Lesson 3

Lesson Topics:Making improvements to the city by passing a bill in the City Council

Aim: To read a city ordinance and related newspaper articles (with scaffolding); to consider how improvements to the city have been made in the past.

Skills to be Addressed:

  • Using structure and vocabulary to read and understand a difficult text (a city ordinance)
  • Use background knowledge to read and understand a newspaper article


Students will:

  • analyze the structure of a city ordinance, using that structure to understand its meaning.
  • integrate information from the ordinance to understand a newspaper article about the ordinance.
  • understand how a proposed project is brought into existence in the city via city council legislation and mayoral administration.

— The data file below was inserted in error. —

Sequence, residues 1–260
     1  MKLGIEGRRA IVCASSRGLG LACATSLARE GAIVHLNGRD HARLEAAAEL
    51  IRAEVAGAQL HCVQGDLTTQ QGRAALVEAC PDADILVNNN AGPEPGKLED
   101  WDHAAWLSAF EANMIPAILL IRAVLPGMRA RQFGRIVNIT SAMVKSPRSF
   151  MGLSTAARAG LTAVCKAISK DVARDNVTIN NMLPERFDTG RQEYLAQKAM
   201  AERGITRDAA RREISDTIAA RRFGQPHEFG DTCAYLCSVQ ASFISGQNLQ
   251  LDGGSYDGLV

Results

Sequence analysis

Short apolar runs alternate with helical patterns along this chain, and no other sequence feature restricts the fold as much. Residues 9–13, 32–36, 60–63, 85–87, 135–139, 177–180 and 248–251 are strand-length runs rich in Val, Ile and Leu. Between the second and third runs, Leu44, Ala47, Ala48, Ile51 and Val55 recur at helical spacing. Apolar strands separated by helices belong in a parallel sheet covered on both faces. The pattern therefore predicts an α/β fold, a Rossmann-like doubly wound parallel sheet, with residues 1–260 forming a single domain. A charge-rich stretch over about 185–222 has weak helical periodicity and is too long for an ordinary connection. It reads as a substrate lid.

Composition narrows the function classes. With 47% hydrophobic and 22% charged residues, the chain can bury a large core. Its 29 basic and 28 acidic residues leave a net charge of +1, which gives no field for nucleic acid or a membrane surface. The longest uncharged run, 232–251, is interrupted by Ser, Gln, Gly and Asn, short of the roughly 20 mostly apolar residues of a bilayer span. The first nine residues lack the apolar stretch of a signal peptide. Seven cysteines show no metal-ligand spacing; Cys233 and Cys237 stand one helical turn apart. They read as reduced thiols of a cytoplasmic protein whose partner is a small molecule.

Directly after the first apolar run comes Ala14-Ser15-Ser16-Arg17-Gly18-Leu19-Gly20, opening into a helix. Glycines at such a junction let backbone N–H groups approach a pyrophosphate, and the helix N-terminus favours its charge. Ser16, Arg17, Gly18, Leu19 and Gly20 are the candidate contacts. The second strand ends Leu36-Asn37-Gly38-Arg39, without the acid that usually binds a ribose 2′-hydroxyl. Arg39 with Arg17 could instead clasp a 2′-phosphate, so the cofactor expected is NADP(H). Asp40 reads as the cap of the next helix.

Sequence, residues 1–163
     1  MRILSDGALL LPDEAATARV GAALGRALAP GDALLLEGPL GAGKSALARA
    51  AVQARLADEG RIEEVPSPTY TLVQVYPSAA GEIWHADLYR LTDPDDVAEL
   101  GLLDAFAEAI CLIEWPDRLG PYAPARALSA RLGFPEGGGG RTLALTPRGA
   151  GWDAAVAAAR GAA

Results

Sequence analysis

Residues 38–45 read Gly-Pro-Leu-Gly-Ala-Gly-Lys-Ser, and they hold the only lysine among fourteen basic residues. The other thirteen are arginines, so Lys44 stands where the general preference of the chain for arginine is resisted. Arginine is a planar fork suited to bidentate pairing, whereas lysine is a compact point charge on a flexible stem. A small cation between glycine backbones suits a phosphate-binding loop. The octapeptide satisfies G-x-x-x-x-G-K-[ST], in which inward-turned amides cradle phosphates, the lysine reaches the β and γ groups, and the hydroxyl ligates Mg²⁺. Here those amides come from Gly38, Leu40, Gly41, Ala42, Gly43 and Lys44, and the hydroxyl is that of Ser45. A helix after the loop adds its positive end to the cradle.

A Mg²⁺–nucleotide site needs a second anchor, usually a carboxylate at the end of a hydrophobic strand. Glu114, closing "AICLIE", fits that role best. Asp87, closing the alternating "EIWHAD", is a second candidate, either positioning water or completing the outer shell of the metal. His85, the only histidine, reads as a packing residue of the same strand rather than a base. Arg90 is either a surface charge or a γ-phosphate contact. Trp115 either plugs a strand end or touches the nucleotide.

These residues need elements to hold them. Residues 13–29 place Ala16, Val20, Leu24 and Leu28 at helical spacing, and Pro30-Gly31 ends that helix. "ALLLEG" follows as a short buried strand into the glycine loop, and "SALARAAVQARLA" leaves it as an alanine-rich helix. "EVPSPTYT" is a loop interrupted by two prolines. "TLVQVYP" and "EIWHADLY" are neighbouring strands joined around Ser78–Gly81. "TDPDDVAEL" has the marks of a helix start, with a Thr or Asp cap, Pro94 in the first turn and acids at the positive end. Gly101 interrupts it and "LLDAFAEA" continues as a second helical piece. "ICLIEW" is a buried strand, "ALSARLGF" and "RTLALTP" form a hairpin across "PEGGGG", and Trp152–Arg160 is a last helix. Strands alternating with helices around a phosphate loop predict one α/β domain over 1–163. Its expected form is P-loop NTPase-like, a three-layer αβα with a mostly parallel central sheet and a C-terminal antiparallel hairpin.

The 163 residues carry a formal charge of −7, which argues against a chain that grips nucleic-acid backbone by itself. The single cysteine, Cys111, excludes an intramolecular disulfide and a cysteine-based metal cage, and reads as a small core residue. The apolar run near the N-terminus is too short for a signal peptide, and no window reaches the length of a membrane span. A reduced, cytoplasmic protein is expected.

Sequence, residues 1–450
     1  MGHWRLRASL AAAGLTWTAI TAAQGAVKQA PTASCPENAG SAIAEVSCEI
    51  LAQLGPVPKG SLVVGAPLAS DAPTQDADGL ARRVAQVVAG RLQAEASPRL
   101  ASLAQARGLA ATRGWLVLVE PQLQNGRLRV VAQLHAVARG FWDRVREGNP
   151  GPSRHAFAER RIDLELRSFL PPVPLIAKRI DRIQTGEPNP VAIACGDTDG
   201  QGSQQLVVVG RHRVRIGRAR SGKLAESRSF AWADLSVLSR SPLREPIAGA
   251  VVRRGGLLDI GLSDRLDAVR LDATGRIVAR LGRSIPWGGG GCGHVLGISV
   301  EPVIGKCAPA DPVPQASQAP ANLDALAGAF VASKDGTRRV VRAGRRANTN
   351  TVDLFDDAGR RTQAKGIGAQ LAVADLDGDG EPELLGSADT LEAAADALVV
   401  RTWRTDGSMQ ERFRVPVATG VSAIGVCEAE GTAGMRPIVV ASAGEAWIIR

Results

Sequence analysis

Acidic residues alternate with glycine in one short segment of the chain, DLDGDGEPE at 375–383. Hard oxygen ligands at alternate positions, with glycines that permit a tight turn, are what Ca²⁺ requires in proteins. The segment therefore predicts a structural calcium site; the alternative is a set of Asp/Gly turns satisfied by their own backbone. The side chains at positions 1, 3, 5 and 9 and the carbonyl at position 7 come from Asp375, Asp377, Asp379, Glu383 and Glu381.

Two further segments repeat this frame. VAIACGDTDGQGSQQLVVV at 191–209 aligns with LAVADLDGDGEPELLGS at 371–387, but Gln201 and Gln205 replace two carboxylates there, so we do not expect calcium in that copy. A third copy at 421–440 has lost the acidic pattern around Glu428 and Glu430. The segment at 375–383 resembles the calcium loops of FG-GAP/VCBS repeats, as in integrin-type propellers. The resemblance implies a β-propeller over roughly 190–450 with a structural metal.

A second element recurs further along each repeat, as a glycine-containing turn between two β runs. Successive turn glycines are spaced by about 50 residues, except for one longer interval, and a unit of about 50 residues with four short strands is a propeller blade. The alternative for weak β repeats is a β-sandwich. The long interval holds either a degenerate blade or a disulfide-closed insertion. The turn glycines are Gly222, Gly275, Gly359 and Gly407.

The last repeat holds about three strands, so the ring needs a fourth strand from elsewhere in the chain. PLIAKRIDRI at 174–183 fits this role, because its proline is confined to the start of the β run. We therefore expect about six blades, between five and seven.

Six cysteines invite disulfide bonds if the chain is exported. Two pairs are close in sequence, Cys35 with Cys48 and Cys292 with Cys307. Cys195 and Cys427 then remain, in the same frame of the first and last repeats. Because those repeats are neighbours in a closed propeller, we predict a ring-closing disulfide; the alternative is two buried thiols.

Common Core Standards Addressed:

    • Analyze in detail how a complex primary source is structured, including how key sentences, paragraphs, and larger portions of the text contribute to the whole.
    • Determine the meaning of words and phrases as they are used in a text, including figurative, connotative, and technical meanings; analyze how an author uses and refines the meaning of a key term or terms over the course of a text (e.g., how Madison defines faction in Federalist No. 10).
    • Integrate information from diverse sources, both primary and secondary, into a coherent understanding of an idea or event, noting discrepancies among sources.
    • By the end of grade 11, read and comprehend literary nonfiction in the grades 11-CCR text complexity band proficiently, with scaffolding as needed at the high end of the range.